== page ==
Review Summary: So close, and yet so far.
Bloc Party appeared out of nowhere two years ago, with Silent Alarm proving to be a distinctive, different and inventive opus. With songs like Banquet storming out of the speakers, they were always going to be noticed. Also, they were probably the most likely out of the glut of new bands emerging to be able to follow it up, due to the superb musical credentials they displayed.
So, here it is. And it is at the same time the best and worst album of the year so far.
First things first. Everything is more direct here. There are no meandering efforts such as Blue Light and the Pioneers. No, here on display are straight to the point efforts liek Hunting for Witches and The Prayer, bursting with intensity. All the songs on here are much more structured, which whilst making them easier to pick up, does make them slightly less interesting.
Opener Song For Clay is representative of the album as a whole. It starts very badly, and doesn't get much better when the main riff comes in, sounding decidedly weak. Then the riff harmonizes, and it goes into a completely different league, a league where this might be considered great. A stellar chorus makes its presence known, and he guitar solo shows just how good Bloc Party's axe men are.
But it just doesn't quite work. The drums, so inspired on the first album, are reduced to a bland pound, without room for the inventive and speedy fills which populated the rockers on Silent Alarm. That riff keeps coming back and rather than drive the song forward makes it sound like a badly produced demo from a bunch of no hopers. In this song, you have some truly inspired moments, but they are tainted by the bad.
There are some truly superb songs on here. The Prayer, the first single, is as different and brilliant as anything you'll hear this year at all. The chorus shines forth like the star which Kele dreams of being allowed to become. The african verse and clapping create an incredibly disjointed feel which just works so well. Hunting for Witches, aside from the awesome riff and powerful chorus, has the best lyrics I think I've heard in a long time, railing against the racism and intolerance which is rife in Britain, within this age of paranoia and bigotry. Where is Home communicated perfectly the lost feel of this countries politics, that we no longer have an identity that we can believe in, and it communicates it in style. This is world beating stuff.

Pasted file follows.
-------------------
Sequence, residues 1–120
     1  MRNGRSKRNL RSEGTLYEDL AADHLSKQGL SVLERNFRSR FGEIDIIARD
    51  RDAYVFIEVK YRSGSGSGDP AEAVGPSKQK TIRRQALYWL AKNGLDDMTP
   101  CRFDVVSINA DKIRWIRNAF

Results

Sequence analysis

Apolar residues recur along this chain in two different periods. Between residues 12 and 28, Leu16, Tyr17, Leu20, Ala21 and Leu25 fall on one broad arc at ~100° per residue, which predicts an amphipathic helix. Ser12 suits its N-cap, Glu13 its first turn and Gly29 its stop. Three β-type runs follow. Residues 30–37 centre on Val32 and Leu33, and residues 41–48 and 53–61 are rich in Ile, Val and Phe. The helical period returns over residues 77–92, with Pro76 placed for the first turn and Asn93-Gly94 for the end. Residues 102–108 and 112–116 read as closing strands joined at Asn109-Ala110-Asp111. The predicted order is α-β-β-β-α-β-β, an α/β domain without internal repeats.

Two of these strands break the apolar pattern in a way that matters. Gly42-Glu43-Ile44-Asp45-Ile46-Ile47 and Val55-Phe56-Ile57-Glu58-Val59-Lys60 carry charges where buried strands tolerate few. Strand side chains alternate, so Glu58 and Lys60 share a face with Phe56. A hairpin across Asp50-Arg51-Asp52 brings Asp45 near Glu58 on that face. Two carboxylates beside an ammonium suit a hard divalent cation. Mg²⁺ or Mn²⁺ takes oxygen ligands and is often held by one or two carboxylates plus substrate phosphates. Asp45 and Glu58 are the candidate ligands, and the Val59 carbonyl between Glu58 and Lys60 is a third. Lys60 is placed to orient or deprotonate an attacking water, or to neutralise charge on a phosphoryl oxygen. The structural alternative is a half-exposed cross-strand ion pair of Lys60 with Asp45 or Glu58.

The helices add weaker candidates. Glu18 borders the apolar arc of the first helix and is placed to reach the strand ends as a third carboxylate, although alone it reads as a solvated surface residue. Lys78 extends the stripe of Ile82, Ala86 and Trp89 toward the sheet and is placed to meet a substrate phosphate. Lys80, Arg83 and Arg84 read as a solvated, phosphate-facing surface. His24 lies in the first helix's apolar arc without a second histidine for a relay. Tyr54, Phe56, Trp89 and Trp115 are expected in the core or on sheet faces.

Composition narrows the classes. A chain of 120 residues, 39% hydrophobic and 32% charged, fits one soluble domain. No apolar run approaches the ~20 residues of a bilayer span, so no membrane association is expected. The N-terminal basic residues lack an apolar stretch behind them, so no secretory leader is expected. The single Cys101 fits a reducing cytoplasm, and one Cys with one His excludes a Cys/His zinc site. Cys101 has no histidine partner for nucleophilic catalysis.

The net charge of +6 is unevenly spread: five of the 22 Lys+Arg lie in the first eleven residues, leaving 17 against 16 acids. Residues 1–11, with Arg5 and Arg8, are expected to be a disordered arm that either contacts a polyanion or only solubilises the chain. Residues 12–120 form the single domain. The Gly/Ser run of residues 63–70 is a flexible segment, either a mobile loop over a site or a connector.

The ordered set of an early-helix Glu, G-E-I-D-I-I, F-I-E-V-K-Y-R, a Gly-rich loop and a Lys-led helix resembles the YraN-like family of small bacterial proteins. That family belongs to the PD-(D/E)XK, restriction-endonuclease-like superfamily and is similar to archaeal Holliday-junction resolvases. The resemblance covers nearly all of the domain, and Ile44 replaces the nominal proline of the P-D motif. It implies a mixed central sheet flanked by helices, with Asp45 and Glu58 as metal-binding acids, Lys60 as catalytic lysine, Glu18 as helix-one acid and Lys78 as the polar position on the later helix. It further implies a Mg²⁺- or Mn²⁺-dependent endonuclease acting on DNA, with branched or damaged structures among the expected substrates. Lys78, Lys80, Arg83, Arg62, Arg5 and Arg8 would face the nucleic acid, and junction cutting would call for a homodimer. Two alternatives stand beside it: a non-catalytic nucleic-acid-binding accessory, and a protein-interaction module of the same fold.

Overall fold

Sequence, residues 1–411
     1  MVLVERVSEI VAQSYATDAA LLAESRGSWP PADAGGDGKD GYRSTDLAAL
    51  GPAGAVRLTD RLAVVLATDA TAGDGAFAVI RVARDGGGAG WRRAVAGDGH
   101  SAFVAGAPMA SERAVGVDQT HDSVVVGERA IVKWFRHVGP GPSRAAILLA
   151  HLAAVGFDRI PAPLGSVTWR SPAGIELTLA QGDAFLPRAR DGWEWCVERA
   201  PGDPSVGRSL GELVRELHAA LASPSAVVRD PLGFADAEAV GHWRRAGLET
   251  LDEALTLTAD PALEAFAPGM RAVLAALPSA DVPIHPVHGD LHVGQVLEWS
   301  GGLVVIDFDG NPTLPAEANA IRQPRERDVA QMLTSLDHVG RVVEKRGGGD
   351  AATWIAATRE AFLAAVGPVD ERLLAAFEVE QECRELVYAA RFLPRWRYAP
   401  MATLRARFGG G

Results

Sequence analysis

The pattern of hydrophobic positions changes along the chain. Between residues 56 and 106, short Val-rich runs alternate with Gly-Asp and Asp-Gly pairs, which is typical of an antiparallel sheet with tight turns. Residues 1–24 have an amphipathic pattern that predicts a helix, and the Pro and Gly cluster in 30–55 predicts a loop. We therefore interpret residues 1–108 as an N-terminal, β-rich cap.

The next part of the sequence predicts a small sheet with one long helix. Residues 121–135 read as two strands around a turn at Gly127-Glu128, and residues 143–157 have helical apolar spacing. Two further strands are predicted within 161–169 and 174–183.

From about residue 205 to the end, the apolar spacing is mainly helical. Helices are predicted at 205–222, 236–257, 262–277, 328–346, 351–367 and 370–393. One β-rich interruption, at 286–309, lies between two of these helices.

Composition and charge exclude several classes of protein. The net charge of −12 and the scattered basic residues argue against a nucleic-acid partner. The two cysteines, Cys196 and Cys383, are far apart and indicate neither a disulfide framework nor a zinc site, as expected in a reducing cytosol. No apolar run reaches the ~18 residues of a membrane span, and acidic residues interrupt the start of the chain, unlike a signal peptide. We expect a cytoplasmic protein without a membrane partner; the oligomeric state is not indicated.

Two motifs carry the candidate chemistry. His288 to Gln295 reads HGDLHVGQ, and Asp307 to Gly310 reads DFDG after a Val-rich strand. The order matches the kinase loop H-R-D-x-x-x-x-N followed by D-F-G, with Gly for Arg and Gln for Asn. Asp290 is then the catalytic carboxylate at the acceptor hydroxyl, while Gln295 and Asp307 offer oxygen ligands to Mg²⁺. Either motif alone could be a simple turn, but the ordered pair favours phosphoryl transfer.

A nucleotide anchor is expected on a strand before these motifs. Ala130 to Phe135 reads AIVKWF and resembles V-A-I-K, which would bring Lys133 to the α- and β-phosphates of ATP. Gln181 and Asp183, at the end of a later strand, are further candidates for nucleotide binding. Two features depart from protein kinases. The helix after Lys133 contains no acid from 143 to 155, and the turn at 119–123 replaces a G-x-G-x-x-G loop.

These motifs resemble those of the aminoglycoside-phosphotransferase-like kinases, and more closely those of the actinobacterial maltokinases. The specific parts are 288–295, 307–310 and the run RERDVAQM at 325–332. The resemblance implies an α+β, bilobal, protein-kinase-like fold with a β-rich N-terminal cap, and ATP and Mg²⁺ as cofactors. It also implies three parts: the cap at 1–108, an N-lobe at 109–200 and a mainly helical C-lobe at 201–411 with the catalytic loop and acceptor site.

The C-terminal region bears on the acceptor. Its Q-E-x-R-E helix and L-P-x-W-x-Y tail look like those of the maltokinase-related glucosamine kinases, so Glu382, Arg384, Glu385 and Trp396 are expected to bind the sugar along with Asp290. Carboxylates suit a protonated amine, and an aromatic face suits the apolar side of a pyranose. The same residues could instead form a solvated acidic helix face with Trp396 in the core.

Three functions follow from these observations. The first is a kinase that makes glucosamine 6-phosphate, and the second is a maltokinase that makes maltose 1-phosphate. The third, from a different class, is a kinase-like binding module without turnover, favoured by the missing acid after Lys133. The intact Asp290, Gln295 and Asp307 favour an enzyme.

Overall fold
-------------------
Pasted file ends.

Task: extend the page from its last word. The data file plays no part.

But it is counterpointed by the crap. Uniform boasts another appaling attempt at a heavy riff, the production not helping the fact that none of it fits together. Kreuzberg is dull, dull, dull (despite the touching lyrics) whilst On and Waiting for the 7:18 remain completely anonymous (even if the latter redeems itself slightly towards the end).
The musicianship is superb. All of these guys know exactly what they're doing and how to do it well. The solo's sound like a tasteful Tom Morello (difficult to imagine yes, but hey) whilst in the moments when he can Matt Tong shows why people approach his rythms with caution in case they sprain something and Kele's voice rings out in all its recognizable manifestations.
But its just not enough to save the album. The songs which deserve to be huge, the class band, the uniquely mature subject matter, all becomes irrelevent when placed next to the pointless drivel that comprises I Still Remember and others. A pity, because if they'd taken a little more time, been a little more adventurous, you feel they might have perhaps gone on and proven themselves to be more than just another band. They might have showsn they've got what it takes to become legend.